The Western Encounter with China, 1600-1900: an Exhibition
Western Diplomacy

Europeans quickly saw the value of trade with China. By 1699 the British and the Dutch East India companies had established factories and warehouses - at Canton (Guangzhou), gradually replacing the Portuguese as the dominant European traders and colonizers in Asia. This lead to a series of diplomatic overtures to China, designed to establish more extensive trading relations. Official emissaries were sent from Britain, Holland, France and Russia. These official delegations did not succeed in their aim, often foundering first of all on the Chinese insistence that the visitors should acknowledge their subordination to the Emperor, as was customary for representatives of foreign rulers when visiting the Emperor of China. In their journeys to Peking (Beijing), the delegations had the opportunity to see more of China than other foreigners, so that the accounts of their visits were read with great interest.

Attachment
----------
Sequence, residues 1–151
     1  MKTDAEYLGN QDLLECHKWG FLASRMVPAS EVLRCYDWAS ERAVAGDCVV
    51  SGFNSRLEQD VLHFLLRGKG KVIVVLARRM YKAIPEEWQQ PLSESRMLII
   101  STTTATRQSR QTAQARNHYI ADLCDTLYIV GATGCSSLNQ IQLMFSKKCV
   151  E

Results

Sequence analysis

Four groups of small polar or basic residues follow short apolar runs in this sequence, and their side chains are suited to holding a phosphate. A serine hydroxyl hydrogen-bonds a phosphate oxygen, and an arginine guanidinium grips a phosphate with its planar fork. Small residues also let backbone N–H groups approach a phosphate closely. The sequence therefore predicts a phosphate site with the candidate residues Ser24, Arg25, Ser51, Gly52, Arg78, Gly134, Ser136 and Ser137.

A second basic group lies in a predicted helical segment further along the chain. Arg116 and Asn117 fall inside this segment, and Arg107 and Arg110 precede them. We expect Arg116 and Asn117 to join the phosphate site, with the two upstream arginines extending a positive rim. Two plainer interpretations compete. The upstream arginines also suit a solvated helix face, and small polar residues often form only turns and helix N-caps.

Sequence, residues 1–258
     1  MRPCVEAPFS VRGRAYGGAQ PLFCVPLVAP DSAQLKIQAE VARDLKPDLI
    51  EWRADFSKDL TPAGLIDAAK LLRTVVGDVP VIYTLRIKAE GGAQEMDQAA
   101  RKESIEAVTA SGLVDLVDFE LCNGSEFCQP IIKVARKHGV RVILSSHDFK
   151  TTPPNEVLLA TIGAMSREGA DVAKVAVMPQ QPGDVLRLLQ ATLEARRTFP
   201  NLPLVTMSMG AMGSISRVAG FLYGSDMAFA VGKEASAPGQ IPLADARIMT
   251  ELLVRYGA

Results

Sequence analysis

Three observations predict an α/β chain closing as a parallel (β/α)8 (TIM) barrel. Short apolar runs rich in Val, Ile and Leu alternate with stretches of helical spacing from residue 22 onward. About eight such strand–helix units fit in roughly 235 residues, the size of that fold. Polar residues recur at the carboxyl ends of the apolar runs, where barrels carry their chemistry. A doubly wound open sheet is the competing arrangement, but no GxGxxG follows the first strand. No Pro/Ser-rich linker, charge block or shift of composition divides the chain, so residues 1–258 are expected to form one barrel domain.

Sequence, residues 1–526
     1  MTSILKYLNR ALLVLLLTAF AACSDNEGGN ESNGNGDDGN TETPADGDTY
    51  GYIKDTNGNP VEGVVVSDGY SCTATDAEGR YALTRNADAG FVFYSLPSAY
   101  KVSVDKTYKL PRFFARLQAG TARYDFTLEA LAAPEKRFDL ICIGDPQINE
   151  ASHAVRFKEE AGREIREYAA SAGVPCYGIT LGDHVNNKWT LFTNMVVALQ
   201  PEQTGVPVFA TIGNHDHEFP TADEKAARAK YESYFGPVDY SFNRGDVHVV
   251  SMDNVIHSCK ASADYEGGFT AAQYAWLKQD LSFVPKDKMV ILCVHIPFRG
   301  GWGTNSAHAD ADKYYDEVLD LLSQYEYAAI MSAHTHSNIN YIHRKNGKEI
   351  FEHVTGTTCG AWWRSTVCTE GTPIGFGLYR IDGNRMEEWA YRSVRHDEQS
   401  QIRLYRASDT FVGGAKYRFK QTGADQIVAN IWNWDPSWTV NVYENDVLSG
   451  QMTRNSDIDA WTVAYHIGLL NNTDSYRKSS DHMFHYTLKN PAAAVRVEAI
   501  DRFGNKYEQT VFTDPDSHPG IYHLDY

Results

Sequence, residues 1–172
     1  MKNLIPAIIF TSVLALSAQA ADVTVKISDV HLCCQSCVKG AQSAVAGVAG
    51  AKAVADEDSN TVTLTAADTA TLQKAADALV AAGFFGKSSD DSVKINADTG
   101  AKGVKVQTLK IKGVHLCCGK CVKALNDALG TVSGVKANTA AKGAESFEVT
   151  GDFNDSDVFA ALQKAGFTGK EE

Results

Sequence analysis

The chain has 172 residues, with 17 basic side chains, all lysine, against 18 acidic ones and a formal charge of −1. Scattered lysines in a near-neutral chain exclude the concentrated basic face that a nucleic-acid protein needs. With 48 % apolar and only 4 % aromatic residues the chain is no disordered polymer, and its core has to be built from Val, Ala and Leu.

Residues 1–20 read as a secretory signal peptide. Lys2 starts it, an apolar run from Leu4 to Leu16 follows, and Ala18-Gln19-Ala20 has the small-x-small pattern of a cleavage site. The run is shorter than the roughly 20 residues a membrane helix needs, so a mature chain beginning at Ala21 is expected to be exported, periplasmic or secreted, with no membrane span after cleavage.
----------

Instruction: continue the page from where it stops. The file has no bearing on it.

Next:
The 17th and 18th century positive opinion of China began to be replaced by its opposite in the course of the nineteenth century, as more observers saw evidence of despotism and corruption. Their perceptions were fuelled in part by political revolution and constitutional change in Europe. Europeans, also experiencing rapid technological and social change, now saw the unchanging nature of China as an indication of a stagnant and decadent society.